You vs. Time

28 May You vs. Time

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When a movie comes into circulation that includes space travel, humankind’s extinction, alien planets, and the future, it’s usually one I like to put on my ever-expanding ‘movies to watch’ list.
These types of themes, among with elements and plot lines within the movie of Interstellar, had me hooked from the get-go.

Warning: spoilers definitely show up in this article, so please turn away now if you’re thinking about watching it!

What is time?
The concept of time is a weird one to wrap your head around. I mean, what is it really?
Is it the ticking of each second on your analogue watch? The small and brief flashing of the colon upon your digital?
Is it the rising and setting of our Sun (which doesn’t actually “rise” or “set”)? Is it the way you notice just a little bit more every day that those small wrinkles are becoming more and more defined (stop being so happy, damn it)? Or is it that the younger people around you, just don’t seem so young anymore?
Well, superficially speaking, it’s probably all of those, right?
But, the true concept of time is certainly a hard one to grasp.
Time is…
We all know that with each rotation of our tiny planet, 23 hours, 56 minutes, and 4.1 seconds passes us by, and an entire rotation around our sun, a whole 365.25 days passes us.
Unfortunately, thanks to time, as soon as we are born we begin to age, and there really is no stopping this inevitable tick-tock of the time clock.
It makes you think though, doesn’t it? With every tick, a preceding and inevitable tock shows up next, which also means that you will never get that tick (or tock) back. Ever.
Time dilation?
Within the movie of Interstellar, one thing that stands out happens to the main character Joseph Cooper (played by Matthew McConaughey, for all you giggly schoolgirls out there). On the mission to find new planets that could sustain human life, his team goes to check out a couple of planets.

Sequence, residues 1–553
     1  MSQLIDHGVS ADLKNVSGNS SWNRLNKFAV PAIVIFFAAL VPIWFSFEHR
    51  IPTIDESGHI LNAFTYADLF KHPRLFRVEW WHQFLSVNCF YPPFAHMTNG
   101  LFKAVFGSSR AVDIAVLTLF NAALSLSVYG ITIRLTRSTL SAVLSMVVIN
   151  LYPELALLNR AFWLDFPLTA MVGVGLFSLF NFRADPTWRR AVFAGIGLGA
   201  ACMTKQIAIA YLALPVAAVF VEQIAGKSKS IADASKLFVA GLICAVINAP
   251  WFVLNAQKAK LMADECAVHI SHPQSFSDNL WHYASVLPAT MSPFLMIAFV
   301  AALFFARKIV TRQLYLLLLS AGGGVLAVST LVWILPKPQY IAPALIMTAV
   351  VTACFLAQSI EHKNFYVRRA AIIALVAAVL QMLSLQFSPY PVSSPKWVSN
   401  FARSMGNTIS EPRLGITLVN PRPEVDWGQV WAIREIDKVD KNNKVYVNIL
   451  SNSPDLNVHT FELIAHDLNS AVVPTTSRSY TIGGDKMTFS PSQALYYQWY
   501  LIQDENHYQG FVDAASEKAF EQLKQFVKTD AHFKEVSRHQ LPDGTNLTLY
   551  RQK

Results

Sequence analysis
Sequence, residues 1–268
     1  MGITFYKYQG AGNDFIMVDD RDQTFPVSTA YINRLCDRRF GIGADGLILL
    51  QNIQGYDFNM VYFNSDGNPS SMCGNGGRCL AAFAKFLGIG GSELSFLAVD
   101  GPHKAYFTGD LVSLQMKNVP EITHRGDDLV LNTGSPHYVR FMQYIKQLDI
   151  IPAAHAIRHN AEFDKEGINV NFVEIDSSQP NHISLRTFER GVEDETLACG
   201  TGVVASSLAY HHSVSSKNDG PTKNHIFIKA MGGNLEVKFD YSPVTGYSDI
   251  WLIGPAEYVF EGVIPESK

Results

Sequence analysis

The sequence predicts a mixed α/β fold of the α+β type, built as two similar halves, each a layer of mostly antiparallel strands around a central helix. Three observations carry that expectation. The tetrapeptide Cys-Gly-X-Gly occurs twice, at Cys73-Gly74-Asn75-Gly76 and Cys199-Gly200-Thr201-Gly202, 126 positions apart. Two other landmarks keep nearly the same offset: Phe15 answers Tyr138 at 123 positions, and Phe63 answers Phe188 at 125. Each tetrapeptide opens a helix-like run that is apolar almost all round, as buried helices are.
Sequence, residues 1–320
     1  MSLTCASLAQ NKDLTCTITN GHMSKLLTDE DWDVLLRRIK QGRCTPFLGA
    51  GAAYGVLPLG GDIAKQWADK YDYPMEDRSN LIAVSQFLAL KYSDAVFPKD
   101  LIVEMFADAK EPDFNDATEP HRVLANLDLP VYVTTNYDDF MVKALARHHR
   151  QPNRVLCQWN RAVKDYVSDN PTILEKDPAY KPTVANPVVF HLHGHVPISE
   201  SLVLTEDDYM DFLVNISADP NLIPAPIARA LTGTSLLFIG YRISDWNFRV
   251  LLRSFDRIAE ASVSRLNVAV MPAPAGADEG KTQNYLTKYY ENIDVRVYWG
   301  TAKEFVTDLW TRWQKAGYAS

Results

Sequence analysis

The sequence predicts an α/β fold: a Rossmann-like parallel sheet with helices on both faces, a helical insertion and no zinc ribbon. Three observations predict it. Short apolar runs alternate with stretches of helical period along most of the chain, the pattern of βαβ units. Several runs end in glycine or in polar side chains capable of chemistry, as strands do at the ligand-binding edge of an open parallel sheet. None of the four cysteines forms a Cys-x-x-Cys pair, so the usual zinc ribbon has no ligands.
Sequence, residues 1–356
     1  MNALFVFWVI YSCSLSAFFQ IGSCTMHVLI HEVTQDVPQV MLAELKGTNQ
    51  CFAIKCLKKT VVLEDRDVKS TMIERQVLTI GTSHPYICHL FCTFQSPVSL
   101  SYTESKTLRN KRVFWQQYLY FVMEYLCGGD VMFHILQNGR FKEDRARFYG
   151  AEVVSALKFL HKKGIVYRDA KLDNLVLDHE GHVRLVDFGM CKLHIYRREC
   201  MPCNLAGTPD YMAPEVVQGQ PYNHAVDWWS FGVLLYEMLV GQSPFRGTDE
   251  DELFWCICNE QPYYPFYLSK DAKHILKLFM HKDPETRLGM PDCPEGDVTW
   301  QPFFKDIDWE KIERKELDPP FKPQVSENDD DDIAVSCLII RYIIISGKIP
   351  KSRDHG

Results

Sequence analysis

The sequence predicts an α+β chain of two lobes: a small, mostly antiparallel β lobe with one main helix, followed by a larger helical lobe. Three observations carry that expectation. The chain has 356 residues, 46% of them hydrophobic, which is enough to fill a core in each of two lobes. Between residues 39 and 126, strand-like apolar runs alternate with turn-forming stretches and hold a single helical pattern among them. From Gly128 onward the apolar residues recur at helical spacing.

One in particular – due to time dilation from a nearby black hole – has a 1:61360 hour ratio.
Meaning, for every hour that passes back on Earth, a whole 61,360 pass on this planet (that’s seven years, for those playing at home).
Of course, by checking out this planet also came a huge risk for everyone they knew back there – including Joseph’s daughter Murph – to age considerably.
Reality check.
After returning back to the orbiting ship, they were told that the cost of their journey to the planet, being down there, and returning, was a total of 23 years on Earth.
Just think about that for a second.  23 years of life as they knew it on Earth, gone.
For Joseph, at the conclusion of the movie (again: SPOILERS!! Turn back now), and after leaving his daughter at the age of ten, returns to find her in her deathbed. Her whole life, gone.
It’s a sad moment in the movie, I would say. And it got me thinking: was the attempt to save humanity even worth missing out on something like your daughter’s life?
What is important?
What is important to people is of course all relative. But I would say, not too many people would disregard holding on to every moment in their life, or cherishing their family, relationships, their health, their time.
These kinds of things seem to be what really is most important.
Petty things like arguments, grudges, being angry at someone, being bored, being arrogant, just don’t seem worth anything when digesting the reality of how precious our lives are.
Even making excuses that we’re too “busy” to look after ourselves, or too cool to spend time with people without looking at our iPhones, just don’t seem to stack up, right?
The rapidity.
It’s kind of a weird thought that we all just go about our day, like we’re going to get another one. It’s even weirder how we go about our lives, like we’re going to get another one, too.
We all really only have one shot at making the most of our time on Earth.
Just today, in fact, one of my clients turned 30 (happy b’day, Mandi). Also today, another client told me that her brother (whom I also train – hi, Trent), who has down syndrome, has a life expectancy of only another 20 or so years.
Isn’t that somewhat ghastly? No matter who you are, or how you look at life, both of these situations are a reality check.
For Mandi, 30 years has passed her by. For Trent, he’s nearing his “expected” halfway point.
Sombre end.
To keep with my slightly bitter-themed article, I want to leave you with one website that has taken the liberty of designing an algorithm code that calculates your life expectancy.
Of course it’s all baloney, but it’s still creepy to see –> Death Clock.
Tip: don’t stay on it too long. It’s a little peculiar watching the seconds on the screen tick by.
I also want to leave you with a video:

Thanks for reading.



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Hayden Perno
Hayden Perno